In the movies, heroes save the world with high-tech gadgets, superhuman strength or daring gunplay. But when Superman goes home and hangs up his cape, sitting there alone in the Fortress of Solitude, who does he idolize? Who is his hero?
We meet a lot of heroes every year. Not caped ones, generally, but down-to-earth heroes like Archbishop Desmond Tutu and Dr. James Orbinski, who save lives and change the world with education, medicine and compassion.
Still we wonder who these heroes look up to -- Martin Luther King, or Ghandi? Sometimes. But more often the answer is much closer to home: mom.
Grammy-winning Canadian singer Nelly Furtado is a mom herself with a nine-year-old daughter. And in a way she has become a mother to many others -- her generosity has empowered hundreds of girls in Kenya to go to school. She told us she grew up with strong female role models -- above all her mom.
"I'm proud to say I grew up in a feminist household. And I think the way you are brought up by the female role models in your life really makes a difference on how you make an impact in the world as an adult," she said.
She remembers her mother at church council meetings, fearlessly facing down a room full of men to make her opinions known. With her poise and intelligence, she earned their respect. Today Furtado strives to be as much of an inspiration to her own daughter as her mother was to her.
Aboriginal activist and medal-winning Olympian Waneek Horn-Miller also grew up under the influence of a strong mother. From the 1960s on, Kahn-Tineta Horn was an outspoken advocate for Aboriginal and civil rights who refused to accept the expected role of a quiet and obedient wife.
Horn-Miller told us her mother taught her and her three sisters that being part of a community includes an obligation to give back. She encouraged them to always stand up for what they believe in, and provided unflinching support to follow their dreams.
"She really paved the way for someone like me to do what I've done."
At first glance, Liz Murray's mother seems an unlikely source of inspiration. Murray was born into an impoverished household in the Bronx and both her parents were drug addicts. Murray's mother died of AIDS when Murray was 15 and her dad went to live in a homeless shelter, leaving Murray also homeless. She pledged to turn her life around, taking night school and studying on park benches. She completed high school, earned a scholarship to Harvard, and has become an internationally-recognized motivational speaker.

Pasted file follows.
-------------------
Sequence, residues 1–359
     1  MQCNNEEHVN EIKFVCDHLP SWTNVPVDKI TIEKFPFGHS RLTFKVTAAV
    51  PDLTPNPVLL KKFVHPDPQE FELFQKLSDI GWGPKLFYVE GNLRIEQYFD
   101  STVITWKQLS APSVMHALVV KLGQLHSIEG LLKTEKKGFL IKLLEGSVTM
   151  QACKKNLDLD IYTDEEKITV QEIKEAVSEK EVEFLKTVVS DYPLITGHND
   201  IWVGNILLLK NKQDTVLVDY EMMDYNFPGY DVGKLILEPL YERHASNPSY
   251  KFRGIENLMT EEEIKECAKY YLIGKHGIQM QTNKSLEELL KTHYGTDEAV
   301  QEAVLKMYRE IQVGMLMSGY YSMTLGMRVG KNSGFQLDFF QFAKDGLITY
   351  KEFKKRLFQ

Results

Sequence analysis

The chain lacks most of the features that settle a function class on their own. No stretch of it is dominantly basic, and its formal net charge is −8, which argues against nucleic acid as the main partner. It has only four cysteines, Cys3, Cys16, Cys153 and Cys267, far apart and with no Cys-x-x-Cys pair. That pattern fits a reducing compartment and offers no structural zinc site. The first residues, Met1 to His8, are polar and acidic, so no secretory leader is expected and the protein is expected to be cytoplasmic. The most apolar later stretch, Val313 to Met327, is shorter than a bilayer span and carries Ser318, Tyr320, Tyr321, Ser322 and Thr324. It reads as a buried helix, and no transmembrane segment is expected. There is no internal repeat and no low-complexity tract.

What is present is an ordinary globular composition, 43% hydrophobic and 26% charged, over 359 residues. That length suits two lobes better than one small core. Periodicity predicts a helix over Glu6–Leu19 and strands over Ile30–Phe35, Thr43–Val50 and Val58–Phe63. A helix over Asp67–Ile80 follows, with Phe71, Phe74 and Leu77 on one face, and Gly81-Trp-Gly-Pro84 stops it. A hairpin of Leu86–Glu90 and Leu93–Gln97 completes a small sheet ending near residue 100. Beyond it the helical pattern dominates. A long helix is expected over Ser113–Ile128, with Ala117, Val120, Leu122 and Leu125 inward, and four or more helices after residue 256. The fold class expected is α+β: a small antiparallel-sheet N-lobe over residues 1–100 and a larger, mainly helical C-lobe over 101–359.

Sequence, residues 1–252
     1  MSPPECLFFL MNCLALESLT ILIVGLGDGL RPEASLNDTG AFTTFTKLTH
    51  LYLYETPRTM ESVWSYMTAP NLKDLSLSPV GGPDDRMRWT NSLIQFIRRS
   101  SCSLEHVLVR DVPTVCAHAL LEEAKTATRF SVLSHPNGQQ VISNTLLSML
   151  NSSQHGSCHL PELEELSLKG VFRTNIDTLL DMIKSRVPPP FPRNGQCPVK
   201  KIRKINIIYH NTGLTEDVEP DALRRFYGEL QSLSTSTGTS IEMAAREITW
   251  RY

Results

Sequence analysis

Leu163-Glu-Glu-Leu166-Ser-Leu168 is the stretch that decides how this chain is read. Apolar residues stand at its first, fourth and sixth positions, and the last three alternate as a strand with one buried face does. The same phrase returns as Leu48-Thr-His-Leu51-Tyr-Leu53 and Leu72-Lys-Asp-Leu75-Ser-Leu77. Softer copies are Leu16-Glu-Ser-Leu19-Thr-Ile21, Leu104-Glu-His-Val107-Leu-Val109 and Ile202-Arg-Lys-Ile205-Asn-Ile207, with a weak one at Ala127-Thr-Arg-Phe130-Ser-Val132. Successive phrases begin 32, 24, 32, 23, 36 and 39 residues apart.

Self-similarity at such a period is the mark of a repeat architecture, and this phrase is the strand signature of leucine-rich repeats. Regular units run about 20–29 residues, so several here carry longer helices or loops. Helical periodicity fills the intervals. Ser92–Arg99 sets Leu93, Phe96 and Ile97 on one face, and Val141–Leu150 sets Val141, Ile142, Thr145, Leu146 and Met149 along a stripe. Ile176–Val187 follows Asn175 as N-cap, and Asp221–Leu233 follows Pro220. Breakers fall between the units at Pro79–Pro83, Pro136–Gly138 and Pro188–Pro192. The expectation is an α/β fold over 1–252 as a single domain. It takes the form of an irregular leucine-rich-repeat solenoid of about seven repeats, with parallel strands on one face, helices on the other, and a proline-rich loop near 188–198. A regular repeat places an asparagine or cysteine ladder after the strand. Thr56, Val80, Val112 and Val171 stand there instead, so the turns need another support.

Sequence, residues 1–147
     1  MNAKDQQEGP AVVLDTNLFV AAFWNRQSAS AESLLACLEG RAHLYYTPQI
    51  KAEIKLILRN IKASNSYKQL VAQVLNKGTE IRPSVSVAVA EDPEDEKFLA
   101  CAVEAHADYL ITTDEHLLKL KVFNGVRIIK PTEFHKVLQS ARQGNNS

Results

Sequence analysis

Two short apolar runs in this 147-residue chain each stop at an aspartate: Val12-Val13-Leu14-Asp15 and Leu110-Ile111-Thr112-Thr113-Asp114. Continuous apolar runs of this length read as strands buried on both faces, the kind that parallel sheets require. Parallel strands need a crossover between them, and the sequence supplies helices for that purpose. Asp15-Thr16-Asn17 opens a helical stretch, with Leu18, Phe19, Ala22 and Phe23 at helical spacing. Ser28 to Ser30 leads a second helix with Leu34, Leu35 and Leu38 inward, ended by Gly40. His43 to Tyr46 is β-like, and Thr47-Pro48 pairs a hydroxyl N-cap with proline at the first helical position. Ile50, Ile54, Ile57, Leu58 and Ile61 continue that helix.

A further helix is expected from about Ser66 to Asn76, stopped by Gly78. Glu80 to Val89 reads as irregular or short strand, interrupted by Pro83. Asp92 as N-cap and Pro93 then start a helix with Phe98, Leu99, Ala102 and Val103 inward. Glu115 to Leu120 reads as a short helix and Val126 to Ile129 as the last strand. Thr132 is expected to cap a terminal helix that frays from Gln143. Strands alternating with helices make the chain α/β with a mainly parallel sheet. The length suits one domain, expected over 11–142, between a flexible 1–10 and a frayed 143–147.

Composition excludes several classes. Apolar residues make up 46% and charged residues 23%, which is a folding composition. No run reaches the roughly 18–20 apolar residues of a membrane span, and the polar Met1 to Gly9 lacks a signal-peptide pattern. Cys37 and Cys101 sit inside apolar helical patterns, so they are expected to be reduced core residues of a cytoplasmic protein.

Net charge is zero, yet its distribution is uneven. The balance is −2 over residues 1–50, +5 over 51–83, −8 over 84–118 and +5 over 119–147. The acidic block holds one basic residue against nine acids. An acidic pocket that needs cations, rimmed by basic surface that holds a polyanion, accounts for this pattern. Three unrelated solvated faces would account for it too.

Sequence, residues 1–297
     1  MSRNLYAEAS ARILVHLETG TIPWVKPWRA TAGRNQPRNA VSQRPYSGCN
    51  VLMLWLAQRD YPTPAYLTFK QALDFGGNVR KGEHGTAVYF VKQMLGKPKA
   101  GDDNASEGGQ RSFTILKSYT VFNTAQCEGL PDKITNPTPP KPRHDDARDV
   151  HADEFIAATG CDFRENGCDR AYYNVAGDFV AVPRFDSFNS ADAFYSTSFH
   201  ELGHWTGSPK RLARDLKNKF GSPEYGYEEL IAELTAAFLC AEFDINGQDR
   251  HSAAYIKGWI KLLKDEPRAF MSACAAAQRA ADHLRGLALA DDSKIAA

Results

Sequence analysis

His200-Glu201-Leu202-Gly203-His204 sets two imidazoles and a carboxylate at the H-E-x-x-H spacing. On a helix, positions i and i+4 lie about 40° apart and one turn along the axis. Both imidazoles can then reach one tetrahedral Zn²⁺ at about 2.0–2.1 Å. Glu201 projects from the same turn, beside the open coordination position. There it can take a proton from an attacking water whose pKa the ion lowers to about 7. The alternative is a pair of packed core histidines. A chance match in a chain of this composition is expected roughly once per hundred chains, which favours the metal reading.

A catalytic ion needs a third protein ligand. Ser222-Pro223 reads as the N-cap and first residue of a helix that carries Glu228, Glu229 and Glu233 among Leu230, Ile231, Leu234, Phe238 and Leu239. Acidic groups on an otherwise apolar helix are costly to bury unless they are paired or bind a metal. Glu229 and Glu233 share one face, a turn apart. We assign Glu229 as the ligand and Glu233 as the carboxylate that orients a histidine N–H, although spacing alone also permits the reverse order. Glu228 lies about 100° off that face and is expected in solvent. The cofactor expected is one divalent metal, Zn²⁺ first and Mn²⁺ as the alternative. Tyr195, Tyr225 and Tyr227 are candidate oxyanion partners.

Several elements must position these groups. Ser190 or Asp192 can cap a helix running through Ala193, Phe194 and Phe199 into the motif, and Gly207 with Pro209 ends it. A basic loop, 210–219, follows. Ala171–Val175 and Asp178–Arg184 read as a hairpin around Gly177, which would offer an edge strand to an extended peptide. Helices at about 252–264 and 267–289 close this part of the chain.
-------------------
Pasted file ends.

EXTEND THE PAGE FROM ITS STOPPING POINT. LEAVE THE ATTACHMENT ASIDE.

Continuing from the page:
Murray considers her mom a hero. Despite addiction, blindness and mental illness, Murray said her mother loved her "deeply and dearly" and always struggled to try and keep things together enough to care for her family.
"I think for her it was about being bigger than her circumstances," she explained.
Peacemaker Archbishop Desmond Tutu laughed as he told us his mother lives on in the middle of his face-- he got his nose from her. More seriously, this man who has achieved a global reputation for caring and compassion still places his mom on a pedestal. "I wish I would be like her in her compassion and caring for others."
Shawn Atleo, National Chief of the Assembly of First Nations, still values the lessons he learned from his grandmother, especially on the importance of education.
Near the end of her life, she said to Atleo, "No fighter fights with their fists anymore, a fighter fights with education, grandson."
Atleo said she taught him to respect and care for everyone around him--even those he disagrees with or who speak negatively of him.
Dr. James Orbinski draws his inspiration from someone else's mom, half a world away. Orbinski is the only Canadian since Lester Pearson to hold the Nobel Peace Prize in his hands. As international president of Médecins Sans Frontières he accepted the prize on behalf of the organization in 1999 for its life-saving work around the globe. He himself has saved lives on the front lines of the civil war in Somalia in 1992-93, and during the Rwanda genocide.
Dr. Orbinski's hero is a mother he met in Malawi last year. When her child fell sick she carried him 15 kilometres to a clinic for treatment, then carried him 15 kilometres back again to their village.
"To me, that is heroic," Orbinski said.
This Sunday is Mother's Day. It's a good time to reflect that heroism comes in many forms, and the greatest hero many of us will ever know is the one in our own home who loves us unconditionally, supports us in all that we do, and teaches us the most important lessons we need to succeed in life.
Craig and Marc Kielburger are co-founders of international charity and educational partner, Free The Children. Its youth empowerment event, We Day, is in 11 cities across North America this year, inspiring more than 160,000 attendees from over 4,000 schools. For more information, visit www.weday.com.